The Last of Us (Starz)
With Starz adding more prestige format shows to its programming, it could use something like The Last of Us, a post-apocalyptic tale of survival after much of humanity was wiped out by the cordyceps virus. The Naughty Dog game shows the best and worst of humanity as it struggles to stay relevant in a world growing more dangerous by the day. Rather than just focusing on two main protagonists like the games, the show could center on an entire group fighting for their place in the world. Ingrid Escajeda (Justified, Empire) has the expertise to get a talented writers' room to handle all the dark, deep characterization needed. Add in the slightly more elaborate production budget premium cable affords, and you have a show that could be the next The Walking Dead with ease.
What Remains of Edith Finch? (HBO)
This adaptation would follow the critically acclaimed narrative of What Remains of Edith Finch? rather closely. Centered on the Finch homestead, an awkwardly designed mansion with new rooms added without regard for architectural safety as new members of the family were born, this would be a limited-run series on HBO produced and written by Phoebe Waller-Bridge (Killing Eve), and starring Hailee Steinfeld as young Edith. Each episode would feature Edith recounting the history of the unbelievable house, and hone in on a specific, eccentric member of the family tree. That makes it ripe for guest appearances from big name stars to drive up viewership. Staying as true to the heart-breaking, heart-warming, quirky, and earnest narrative as possible would also make it an instant contender for accolades come award season.
Silent Hill (AMC)
Yes, there were a few Silent Hill movies, but they didn't have the time to delve into the real spooky supernatural elements of the fan-favorite Konami series. Given that the franchise's most recent game, Silent Hills, was canceled, fans are extra-hungry for more stories in this world. There's a lot of lore to explore from the existing games, with Silent Hill 1 and 2 alone having enough material to get at least a few seasons deep. Produced by John Logan (Penny Dreadful), the show would stick to its psychological horror roots, and be a great series to alternate seasons on AMC with The Walking Dead and The Terror. Plus, its (mostly) real-world setting should keep the budget down enough to afford some spectacular effects.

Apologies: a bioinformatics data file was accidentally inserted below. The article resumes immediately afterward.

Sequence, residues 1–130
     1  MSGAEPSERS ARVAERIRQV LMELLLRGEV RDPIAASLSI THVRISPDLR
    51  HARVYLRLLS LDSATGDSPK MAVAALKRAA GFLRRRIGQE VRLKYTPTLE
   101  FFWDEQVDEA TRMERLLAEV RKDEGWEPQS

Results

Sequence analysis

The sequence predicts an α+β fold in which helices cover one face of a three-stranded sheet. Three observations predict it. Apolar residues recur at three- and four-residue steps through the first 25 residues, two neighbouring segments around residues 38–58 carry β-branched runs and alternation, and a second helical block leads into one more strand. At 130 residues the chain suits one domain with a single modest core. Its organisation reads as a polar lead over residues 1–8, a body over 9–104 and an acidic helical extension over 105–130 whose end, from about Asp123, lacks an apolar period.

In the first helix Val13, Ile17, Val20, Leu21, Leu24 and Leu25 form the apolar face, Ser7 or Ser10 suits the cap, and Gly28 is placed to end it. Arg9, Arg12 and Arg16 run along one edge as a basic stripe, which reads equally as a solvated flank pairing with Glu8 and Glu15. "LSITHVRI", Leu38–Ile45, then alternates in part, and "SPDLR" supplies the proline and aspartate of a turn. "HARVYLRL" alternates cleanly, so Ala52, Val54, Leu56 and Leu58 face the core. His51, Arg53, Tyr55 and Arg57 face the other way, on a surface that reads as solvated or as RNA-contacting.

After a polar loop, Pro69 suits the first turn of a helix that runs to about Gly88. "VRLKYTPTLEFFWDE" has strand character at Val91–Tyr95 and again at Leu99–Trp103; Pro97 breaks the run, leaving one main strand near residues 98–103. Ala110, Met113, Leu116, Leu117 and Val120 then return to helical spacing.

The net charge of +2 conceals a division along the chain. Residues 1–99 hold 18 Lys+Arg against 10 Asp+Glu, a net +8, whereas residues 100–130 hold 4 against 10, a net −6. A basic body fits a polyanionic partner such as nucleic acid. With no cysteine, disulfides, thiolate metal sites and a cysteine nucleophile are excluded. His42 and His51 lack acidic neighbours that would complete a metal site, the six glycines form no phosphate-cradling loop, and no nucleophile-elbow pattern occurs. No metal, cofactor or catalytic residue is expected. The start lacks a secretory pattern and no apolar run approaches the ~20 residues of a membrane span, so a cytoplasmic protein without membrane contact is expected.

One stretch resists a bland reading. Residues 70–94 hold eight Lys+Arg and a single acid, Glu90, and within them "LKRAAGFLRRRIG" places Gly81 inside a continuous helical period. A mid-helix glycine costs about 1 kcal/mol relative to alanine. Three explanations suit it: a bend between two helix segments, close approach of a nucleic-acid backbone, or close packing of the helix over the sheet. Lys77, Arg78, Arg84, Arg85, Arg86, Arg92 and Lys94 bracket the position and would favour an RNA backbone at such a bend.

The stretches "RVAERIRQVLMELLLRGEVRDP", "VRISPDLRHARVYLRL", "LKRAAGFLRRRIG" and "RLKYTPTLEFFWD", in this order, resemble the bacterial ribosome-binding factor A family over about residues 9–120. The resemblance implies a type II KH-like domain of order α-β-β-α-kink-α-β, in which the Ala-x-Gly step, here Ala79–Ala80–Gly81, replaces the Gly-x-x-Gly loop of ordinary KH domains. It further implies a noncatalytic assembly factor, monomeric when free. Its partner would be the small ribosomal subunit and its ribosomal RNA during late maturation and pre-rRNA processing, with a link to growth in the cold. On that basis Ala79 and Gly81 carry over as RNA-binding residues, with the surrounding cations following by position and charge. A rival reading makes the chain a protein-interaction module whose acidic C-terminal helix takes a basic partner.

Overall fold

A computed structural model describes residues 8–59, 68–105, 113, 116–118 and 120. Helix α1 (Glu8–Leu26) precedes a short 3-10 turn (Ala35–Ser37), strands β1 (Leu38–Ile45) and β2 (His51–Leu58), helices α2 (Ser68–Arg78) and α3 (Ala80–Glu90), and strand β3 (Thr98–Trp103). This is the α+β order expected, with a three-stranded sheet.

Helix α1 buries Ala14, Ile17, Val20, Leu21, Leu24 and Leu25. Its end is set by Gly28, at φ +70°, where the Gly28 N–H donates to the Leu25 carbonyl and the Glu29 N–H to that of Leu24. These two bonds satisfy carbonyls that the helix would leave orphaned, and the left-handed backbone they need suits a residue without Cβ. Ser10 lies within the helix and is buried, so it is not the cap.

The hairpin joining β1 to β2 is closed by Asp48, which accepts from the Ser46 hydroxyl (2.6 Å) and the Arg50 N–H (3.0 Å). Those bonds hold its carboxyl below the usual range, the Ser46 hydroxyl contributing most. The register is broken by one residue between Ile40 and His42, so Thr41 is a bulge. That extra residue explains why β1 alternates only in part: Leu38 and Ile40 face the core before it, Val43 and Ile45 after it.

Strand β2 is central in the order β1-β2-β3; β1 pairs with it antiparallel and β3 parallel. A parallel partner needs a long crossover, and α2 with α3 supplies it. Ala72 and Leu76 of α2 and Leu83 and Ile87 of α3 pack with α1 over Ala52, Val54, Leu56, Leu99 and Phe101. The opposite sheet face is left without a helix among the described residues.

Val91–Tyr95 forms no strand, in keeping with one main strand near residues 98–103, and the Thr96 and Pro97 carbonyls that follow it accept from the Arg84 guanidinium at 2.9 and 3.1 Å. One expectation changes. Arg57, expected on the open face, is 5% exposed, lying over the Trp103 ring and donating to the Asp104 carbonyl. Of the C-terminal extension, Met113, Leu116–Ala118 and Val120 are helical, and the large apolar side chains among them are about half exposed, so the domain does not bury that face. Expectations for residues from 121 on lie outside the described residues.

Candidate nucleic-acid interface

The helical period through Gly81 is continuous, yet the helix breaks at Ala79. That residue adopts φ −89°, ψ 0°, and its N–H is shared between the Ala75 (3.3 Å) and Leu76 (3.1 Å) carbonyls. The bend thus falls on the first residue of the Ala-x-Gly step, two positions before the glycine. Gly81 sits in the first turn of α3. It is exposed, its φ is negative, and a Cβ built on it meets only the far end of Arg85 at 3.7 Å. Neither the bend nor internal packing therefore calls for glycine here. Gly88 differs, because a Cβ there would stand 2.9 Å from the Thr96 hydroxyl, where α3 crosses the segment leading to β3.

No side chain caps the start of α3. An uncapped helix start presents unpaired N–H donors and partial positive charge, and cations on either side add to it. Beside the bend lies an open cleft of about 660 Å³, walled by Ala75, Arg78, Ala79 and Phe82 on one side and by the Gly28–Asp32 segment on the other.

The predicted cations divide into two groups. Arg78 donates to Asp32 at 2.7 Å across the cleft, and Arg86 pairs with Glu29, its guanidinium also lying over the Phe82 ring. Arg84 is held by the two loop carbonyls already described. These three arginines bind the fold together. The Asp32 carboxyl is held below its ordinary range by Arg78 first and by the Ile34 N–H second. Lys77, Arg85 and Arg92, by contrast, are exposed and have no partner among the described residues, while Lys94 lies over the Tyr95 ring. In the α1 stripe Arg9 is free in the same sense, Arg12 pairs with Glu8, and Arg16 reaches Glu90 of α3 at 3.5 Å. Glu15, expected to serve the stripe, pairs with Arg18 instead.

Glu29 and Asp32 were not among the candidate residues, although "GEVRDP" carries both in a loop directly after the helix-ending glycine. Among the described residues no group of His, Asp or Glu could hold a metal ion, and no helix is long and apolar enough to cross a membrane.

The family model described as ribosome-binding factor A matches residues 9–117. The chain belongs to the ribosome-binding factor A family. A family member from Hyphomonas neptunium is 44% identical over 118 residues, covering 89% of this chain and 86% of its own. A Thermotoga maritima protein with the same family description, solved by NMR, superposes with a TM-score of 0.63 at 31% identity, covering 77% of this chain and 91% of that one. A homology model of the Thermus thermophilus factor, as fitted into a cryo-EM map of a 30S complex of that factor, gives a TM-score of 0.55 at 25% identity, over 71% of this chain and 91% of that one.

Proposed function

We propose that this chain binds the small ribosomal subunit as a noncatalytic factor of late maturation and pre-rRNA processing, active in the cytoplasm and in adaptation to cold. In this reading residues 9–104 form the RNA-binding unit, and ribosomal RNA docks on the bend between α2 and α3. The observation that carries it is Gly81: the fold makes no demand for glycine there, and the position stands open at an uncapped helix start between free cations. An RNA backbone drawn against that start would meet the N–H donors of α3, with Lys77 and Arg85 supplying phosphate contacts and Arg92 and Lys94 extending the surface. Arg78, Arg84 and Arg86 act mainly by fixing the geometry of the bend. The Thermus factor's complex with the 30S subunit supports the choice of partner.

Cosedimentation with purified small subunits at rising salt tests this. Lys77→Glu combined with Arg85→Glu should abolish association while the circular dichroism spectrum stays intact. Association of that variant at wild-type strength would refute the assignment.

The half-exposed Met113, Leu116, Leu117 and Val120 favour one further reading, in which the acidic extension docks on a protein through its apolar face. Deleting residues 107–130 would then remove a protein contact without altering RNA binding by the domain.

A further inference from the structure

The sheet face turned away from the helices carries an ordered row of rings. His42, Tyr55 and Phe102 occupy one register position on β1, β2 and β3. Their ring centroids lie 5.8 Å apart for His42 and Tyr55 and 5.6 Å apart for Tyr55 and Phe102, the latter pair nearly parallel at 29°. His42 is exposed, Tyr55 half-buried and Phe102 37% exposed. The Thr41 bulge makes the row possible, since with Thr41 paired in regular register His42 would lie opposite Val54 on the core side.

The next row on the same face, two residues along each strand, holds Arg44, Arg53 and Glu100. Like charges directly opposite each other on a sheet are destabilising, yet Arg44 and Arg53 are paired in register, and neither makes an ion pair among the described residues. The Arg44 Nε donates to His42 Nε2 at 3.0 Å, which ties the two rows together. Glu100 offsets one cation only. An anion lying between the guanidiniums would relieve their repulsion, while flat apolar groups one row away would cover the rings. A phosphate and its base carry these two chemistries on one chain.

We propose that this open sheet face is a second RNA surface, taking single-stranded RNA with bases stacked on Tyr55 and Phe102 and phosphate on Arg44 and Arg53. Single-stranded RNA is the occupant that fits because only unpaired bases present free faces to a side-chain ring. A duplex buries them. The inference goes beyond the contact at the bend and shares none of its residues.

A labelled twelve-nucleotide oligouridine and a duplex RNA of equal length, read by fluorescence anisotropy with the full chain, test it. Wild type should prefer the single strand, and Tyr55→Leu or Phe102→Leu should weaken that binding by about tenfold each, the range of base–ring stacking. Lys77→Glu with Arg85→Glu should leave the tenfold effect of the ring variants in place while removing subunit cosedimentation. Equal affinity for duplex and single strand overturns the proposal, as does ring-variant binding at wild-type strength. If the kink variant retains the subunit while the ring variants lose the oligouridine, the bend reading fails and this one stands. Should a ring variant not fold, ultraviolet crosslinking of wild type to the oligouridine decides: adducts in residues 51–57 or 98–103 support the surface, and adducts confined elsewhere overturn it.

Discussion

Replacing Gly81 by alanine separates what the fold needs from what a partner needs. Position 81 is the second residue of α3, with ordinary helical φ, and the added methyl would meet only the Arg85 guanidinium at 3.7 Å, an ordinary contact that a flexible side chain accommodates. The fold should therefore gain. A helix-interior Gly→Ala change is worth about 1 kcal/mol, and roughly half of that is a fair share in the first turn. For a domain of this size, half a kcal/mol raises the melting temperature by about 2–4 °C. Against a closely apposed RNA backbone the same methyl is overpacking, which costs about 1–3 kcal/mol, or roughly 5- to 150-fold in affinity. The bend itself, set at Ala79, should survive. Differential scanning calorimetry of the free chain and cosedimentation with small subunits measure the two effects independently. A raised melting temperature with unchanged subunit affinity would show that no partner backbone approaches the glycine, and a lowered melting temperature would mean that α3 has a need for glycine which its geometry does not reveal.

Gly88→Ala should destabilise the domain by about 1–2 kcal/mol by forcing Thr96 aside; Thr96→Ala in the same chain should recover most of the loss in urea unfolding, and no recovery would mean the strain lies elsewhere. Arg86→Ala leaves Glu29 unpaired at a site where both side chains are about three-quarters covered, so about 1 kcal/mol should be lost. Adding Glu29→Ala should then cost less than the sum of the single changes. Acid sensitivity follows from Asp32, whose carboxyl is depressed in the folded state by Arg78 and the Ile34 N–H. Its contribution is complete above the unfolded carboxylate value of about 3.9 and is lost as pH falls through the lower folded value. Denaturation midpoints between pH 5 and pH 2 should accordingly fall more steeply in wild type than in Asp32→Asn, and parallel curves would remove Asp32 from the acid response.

Grim Fandango (FXX)
LucasArt's classic adventure noir is one of the most stylish games ever crafted. Set in the afterlife as viewed through the lens of Mexican/South American tradition, Grim Fandango would be the perfect adult animated series with noir sensibilities ever made. In addition to its serious tone, there's also lots of comedy to break up the drama, which makes Rob Thomas (Veronica Mars, iZombie) perfect to run the show. Ideally, there would be a season-long mystery holding viewers for the long haul, with individual episodes hosting smaller cases that related back to the big case at the center. The animated style would also open options for the voice cast, which could draw some big names like FXX's other animated hit, Archer.